For 40 years, the United States has sought to slash its reliance on Middle East oil, and now that goal looks attainable.
Oil analysts say rising domestic oil production and slumping demand will slice that dependence 50 percent by the end of the decade, The Wall Street Journal reports. And the need for imports from the Mideast might cease totally by 2035.
As for domestic supply, it’s rising quickly thanks to increased production of oil from shale-rock formations, oil sands, and areas far beneath the ocean floor.
Meanwhile, more efficient auto engines and an expansion of renewable energy supplies should continue to weigh on demand for oil.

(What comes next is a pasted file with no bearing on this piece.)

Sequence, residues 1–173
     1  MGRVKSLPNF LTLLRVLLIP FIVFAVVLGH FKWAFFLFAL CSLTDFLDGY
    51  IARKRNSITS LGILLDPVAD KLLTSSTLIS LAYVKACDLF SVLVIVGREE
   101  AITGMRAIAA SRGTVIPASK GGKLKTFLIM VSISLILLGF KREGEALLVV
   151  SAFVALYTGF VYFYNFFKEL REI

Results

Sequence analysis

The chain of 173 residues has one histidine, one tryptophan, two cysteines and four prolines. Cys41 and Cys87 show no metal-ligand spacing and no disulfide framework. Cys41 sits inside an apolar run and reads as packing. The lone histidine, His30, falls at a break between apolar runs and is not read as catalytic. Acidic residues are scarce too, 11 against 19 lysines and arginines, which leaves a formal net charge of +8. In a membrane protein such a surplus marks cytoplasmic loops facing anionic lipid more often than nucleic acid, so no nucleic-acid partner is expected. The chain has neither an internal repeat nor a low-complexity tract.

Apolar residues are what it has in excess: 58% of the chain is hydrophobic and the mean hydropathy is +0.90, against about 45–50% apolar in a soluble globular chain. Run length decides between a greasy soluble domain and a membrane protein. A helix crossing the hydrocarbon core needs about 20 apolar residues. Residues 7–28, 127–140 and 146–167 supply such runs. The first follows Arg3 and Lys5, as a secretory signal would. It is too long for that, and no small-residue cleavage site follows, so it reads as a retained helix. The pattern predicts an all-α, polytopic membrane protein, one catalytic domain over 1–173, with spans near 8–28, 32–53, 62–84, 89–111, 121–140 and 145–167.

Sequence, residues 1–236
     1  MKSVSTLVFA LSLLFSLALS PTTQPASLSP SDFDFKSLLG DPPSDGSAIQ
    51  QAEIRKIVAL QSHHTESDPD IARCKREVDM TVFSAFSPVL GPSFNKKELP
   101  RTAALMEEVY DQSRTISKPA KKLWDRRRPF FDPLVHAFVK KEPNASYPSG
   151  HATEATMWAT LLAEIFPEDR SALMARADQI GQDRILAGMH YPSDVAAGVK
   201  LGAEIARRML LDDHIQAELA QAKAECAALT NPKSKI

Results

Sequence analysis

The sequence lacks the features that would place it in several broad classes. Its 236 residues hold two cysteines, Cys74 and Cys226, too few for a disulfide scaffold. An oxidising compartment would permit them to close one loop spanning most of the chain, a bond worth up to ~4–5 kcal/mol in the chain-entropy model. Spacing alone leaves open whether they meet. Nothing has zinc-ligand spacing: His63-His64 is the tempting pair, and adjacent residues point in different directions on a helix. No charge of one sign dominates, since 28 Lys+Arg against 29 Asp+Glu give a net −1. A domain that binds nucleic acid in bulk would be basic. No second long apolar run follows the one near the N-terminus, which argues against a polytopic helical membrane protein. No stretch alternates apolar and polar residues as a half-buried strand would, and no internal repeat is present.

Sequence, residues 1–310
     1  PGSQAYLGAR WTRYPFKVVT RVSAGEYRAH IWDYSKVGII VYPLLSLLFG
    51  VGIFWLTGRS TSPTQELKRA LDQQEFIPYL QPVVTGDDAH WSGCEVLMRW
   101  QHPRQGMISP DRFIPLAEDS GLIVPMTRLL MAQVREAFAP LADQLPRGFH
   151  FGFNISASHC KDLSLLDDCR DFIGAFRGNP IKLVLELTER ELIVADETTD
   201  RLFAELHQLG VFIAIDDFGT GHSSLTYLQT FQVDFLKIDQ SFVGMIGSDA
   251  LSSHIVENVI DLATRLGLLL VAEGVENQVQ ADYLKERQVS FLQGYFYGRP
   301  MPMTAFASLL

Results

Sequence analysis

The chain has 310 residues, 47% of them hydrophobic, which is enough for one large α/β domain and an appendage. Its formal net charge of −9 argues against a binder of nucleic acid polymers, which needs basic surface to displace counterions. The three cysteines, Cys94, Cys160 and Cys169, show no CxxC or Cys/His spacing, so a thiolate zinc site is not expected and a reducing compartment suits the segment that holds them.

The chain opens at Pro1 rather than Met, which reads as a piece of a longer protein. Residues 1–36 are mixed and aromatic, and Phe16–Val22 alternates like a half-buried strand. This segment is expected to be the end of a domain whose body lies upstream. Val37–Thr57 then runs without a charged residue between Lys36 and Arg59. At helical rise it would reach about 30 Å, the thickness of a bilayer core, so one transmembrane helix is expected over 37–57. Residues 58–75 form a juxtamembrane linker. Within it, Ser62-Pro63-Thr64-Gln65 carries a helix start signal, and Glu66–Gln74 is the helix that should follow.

The U.S. Energy Information Administration projects that almost half the oil we use will come from domestic sources by 2020 and 82 percent will come from the Western hemisphere.
"Whereas at one point there were real and serious concerns about the ability to maintain sustainable access of supplies to the United States if there were disruptions in the Middle East, that has changed," Carlos Pascual, the top energy official at the State Department, tells The Journal.
Assuming the predictions are correct, a range of ramifications are possible. For example, many commentators in recent years have cited the possibility of conflict between the United States and China as they both seek dwindling global oil supplies.
But perhaps now there’s no need for such competition.
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